Pesticides, deforestation and monocultures are wreaking havoc for Nepalese farmers, causing landslides and degrading the soil. Activists are using puppetry to make a change.
Project aim: Helping Nepalese farmers prepare for the effects of climate change.
Project implementation: Farmers in the landslide-stricken Arghakhanchi region are switching to farming that protects the soil by planting trees with deep roots
Project scope: The project is part of"Farming for Biodiversity," an initiative that supports eco-friendly farming practises in Nepal, as well as Ethiopia, Benin, Ecuador, Kenya, Mexico, Peru und Vietnam
Project partner: Rare, National Disaster Risk Reduction Center (NDRC),IFOAM – Organics International, Convention on Biological Diversity (CBD), the German Environment Ministry's International Climate Initiative (IKI)
Project budget: €2,129,560 ($2,455,538) in total, around € 61,500 of which is being invested in Nepal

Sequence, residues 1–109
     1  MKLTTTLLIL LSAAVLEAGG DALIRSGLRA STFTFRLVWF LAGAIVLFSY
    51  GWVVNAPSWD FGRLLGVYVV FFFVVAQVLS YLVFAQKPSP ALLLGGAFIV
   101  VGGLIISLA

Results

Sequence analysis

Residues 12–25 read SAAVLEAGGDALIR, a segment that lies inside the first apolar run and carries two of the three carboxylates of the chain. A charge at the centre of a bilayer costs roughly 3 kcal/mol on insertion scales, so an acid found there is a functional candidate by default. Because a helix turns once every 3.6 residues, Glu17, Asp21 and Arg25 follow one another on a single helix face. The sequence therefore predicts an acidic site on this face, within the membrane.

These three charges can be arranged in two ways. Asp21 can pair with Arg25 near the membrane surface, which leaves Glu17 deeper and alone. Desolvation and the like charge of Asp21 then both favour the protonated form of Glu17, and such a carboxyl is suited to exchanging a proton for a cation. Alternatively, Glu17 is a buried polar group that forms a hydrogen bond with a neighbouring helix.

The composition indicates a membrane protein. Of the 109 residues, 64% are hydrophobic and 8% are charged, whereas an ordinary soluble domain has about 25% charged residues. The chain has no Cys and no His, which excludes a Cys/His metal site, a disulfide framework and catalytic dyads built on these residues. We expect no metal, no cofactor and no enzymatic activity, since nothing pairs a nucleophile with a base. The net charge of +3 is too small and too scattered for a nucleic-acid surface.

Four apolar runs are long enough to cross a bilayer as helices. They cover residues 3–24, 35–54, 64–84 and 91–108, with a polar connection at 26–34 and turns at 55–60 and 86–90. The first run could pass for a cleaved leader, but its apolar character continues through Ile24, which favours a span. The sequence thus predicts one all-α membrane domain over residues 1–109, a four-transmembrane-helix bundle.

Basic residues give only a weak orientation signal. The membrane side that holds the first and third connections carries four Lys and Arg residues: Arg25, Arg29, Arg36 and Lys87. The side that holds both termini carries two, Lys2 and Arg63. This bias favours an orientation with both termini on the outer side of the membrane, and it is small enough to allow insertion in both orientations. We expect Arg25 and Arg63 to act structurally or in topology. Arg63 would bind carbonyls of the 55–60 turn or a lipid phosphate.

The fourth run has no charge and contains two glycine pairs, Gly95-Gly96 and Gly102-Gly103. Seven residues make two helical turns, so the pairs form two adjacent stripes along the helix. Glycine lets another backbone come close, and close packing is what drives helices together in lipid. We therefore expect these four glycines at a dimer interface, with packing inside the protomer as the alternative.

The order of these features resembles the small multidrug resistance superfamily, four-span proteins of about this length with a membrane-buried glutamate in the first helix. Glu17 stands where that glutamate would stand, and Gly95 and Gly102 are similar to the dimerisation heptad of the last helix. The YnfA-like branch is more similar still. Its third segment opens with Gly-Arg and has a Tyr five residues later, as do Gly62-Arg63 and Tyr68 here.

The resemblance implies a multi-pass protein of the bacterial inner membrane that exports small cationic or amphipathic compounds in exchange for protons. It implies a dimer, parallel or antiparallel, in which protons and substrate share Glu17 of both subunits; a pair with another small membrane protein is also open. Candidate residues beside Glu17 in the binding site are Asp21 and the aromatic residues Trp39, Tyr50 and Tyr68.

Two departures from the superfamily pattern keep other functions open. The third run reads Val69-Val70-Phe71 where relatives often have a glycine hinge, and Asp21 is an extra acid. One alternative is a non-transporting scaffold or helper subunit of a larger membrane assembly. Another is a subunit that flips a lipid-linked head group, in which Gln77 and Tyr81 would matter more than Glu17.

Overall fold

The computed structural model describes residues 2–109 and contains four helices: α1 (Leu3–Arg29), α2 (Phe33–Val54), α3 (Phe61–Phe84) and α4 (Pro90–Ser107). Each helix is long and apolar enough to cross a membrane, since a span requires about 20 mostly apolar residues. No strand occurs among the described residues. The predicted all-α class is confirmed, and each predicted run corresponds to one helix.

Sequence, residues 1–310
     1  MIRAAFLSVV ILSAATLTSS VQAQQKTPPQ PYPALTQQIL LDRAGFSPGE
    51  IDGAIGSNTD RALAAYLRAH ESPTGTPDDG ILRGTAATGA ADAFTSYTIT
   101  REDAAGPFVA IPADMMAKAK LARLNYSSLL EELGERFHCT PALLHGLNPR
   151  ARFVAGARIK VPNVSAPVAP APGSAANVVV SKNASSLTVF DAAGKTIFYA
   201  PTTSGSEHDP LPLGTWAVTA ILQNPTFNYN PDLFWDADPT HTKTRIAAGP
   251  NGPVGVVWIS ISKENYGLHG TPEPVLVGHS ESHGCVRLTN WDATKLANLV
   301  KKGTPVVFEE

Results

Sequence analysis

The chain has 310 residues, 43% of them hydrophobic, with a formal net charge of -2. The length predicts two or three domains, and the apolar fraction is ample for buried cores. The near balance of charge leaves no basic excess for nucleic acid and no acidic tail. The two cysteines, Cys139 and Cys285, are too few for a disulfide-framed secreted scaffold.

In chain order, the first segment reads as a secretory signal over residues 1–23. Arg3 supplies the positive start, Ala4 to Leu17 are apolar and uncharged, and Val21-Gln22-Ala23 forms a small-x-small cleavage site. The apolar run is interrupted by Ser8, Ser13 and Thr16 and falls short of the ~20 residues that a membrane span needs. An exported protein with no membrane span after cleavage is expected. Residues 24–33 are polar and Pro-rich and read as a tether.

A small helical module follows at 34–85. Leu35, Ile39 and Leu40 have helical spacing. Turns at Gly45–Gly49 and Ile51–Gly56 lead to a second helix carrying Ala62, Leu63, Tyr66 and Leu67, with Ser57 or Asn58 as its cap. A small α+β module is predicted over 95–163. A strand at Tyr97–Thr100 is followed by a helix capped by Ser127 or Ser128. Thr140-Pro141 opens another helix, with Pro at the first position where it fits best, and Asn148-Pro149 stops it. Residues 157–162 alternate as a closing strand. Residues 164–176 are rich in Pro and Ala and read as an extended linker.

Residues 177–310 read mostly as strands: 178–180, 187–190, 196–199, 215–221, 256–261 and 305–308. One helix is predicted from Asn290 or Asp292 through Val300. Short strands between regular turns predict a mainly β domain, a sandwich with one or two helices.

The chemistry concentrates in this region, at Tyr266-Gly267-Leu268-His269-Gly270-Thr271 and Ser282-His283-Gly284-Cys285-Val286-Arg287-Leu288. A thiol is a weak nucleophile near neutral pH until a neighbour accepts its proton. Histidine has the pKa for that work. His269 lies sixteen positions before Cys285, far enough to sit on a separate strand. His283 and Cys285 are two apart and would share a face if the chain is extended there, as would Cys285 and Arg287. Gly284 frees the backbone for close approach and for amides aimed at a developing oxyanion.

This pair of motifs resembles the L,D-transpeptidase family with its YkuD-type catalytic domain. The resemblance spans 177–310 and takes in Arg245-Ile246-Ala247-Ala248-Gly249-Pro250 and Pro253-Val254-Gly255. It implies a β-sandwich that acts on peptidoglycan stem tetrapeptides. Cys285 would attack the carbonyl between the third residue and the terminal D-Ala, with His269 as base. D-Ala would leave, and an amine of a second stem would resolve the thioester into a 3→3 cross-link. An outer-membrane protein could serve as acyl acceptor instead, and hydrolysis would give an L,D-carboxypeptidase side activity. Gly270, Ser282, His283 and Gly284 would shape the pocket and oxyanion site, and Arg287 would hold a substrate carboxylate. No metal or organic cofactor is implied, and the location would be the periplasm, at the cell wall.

Project timeframe: September 2016 - December 2019
In 2017, farmer Nanda Neupane, his family and his home near the Nepalese border with India survived a potentially devastating landslide. But he knows strong rains could trigger another, and that he might not be so lucky next time. He's one of many farmers in this part of Nepal coming up against the effects of soil-destroying pesticides and the slash-and-burn agriculture that has increased the danger of landslides. Now, Neupane and other farmers are getting advice on how to protect themselves against torrents of mud and stone — and how they can revitalize their farms — from an unusual source: puppets.
A film by Wolf Gebhardt